The Explanatory Notes to Contracts 3, 4 and 31 describe many of the support issues to be considered in drafting a support agreement. From the end-user’s viewpoint it is preferable to have an entire computer system (including hardware, software, network connections and peripherals) supported by one organisation both from the point of view of cost and technically; in the latter case, because the occurrence of a malfunction in a system may equally be attributable to a software, hardware or network fault and indeed the end-user is, more often than not, unable to distinguish the cause of the fault. Therefore, having only one support contractor to contact for any problem is the most beneficial support option for an end-user.
The style of agreement forming this Contract is a comprehensive agreement which includes most of the common options for support provision, e.g.:
(a) an online support ticketing portal (“Help Desk”) through which the customer can report faults or problems with the system which are then logged and dealt with by the contractor’s support team by email to the customer,
(b) a remote access support facility whereby the support contractor takes control of the customer’s system via online connection to identify the problem and provide a resolution.
The customer can also opt for additional support services such as:
(c) a telephone “Hotline” contact number to obtain fast, direct advice on system or operator problems,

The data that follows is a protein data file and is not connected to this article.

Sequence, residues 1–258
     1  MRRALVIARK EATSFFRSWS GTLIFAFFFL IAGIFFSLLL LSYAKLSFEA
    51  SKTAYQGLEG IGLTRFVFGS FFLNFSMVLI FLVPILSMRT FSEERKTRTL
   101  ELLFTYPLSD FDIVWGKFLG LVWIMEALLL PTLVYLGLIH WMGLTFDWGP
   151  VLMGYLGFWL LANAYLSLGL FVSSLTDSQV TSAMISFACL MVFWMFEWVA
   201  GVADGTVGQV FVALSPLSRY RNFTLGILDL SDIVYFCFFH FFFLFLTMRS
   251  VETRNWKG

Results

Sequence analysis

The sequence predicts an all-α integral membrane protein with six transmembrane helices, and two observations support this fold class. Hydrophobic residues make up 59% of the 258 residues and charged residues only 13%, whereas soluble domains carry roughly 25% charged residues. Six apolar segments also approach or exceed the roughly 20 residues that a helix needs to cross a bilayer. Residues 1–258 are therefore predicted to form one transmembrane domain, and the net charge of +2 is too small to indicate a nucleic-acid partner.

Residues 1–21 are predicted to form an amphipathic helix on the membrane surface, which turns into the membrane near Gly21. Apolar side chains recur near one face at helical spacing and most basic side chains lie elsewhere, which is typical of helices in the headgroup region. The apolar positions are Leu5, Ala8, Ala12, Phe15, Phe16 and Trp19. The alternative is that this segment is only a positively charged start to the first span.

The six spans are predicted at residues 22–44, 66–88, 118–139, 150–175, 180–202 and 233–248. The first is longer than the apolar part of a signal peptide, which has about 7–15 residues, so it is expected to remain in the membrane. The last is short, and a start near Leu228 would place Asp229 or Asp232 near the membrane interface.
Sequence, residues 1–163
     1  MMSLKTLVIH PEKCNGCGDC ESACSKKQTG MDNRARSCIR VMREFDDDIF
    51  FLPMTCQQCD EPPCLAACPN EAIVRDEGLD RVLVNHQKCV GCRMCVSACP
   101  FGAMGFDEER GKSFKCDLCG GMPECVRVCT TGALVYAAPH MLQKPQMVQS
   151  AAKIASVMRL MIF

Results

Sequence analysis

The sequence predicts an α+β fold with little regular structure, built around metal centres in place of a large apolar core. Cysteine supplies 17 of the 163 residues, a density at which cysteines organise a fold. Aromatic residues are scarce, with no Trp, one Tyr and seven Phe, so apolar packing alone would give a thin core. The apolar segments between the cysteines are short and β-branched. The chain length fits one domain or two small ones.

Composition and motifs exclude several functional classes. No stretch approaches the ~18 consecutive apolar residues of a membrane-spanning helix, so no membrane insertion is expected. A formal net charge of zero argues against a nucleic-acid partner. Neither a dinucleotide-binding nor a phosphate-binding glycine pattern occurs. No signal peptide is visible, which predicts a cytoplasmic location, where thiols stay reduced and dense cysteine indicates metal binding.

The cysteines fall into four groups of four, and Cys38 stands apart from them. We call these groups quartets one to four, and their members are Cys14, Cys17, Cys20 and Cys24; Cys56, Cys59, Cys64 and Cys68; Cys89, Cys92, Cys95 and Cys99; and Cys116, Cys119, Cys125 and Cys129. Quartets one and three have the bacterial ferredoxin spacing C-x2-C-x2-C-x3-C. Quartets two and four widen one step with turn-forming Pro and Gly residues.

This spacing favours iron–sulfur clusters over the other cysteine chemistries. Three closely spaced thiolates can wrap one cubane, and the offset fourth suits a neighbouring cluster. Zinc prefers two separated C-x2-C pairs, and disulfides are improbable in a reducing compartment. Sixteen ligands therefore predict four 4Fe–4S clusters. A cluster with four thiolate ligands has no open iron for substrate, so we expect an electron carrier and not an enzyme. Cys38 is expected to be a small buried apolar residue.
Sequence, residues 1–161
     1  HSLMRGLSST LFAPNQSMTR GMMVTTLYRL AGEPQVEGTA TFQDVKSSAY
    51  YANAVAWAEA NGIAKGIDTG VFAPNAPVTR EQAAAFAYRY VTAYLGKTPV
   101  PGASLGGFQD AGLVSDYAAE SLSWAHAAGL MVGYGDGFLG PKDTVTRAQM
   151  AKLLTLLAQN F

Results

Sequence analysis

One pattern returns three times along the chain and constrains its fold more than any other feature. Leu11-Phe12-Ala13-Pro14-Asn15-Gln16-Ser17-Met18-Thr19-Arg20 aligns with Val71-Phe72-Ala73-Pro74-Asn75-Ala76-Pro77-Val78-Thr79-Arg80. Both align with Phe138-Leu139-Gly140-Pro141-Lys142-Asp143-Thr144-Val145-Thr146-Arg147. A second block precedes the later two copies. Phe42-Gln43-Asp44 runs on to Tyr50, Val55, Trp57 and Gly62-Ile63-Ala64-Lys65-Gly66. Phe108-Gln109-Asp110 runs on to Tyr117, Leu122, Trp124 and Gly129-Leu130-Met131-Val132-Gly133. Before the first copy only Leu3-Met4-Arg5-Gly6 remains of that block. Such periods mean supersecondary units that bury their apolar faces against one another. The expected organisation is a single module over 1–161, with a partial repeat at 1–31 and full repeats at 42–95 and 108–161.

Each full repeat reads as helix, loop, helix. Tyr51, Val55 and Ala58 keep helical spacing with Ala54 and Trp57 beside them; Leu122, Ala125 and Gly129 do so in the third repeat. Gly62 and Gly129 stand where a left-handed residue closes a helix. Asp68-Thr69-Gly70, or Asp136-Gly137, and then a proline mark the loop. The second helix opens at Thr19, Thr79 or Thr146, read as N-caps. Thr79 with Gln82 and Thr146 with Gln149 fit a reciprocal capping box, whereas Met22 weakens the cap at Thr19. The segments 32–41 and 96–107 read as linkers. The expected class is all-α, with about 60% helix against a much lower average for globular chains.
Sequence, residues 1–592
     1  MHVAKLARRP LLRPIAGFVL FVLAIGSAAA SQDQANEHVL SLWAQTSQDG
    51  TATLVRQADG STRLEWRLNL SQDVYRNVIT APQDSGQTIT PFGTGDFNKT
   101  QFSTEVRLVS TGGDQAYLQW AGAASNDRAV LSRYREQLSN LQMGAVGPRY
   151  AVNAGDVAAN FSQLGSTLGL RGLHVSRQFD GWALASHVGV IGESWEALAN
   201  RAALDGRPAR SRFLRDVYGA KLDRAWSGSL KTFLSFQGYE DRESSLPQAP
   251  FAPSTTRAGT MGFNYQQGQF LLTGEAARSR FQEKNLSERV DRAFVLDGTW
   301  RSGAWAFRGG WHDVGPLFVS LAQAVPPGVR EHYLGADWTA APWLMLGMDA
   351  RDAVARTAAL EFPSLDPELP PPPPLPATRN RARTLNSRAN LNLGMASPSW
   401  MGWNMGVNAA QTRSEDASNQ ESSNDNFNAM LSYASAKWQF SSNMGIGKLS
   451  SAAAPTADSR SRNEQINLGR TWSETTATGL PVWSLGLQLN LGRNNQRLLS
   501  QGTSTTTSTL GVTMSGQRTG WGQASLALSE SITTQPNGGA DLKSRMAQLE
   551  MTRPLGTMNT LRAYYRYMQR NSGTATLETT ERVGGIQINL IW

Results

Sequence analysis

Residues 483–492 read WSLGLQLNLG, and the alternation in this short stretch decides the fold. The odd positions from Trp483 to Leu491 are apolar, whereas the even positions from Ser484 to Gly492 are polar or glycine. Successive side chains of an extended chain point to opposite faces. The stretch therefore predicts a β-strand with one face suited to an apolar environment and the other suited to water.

(d) on-site support for urgent critical problems,
(e) out-of-hours/weekend support,
(f) guaranteed Response Times, where the contractor guarantees to respond to varying degrees of faults within specific timescales (see Appendix C).
The “Help Desk” service (usually managed by a computer software program commonly called an issue tracking or trouble tracking system) and telephone “Hotline” contact service will normally be the first contact the end-user will have with the contractor’s support staff. Such staff need to be sufficiently qualified to discuss customer problems and to determine whether such problems are “operator error”, which is most frequent in the first few months of use of new system, or whether there is indeed a software “bug” or defect. The Help Desk staff should be able to determine whether or not the problem is serious (where there are usually internal “priority” levels given to distinguish severity of problems) although the customer can contract for guaranteed response times to system problems (see Schedule and Appendix C). It must be noted however, that if response times to fault calls are agreed to form part of the support contract, failure to perform by the contractor within the prescribed time can be regarded as a breach, so great care must be taken by the support contractor when agreeing to include the same.
Such can be the cost of providing comprehensive support that some system suppliers prefer to sub-contract this service to a third-party support organisation (see Maintenance Service Provider Agreement, Contract 33). However, in so doing, the system supplier/software owner in particular, must disclose sufficient proprietary information about the system to enable the support contractor properly to provide such services to the end-users. Such disclosure must be subject to an agreement not to further disclose such confidential information and to use such information solely for the purposes of providing support (for Non-disclosure Agreements, see Contracts 47 and 48).
Finally, for a new system, the manufacturer/supplier commonly offers a “warranty” period or period of “free” maintenance to its customers thus the necessity for an “Effective Date” as opposed to the date of installation referred to in this Contract. The Effective Date will be the date of expiry of the warranty period.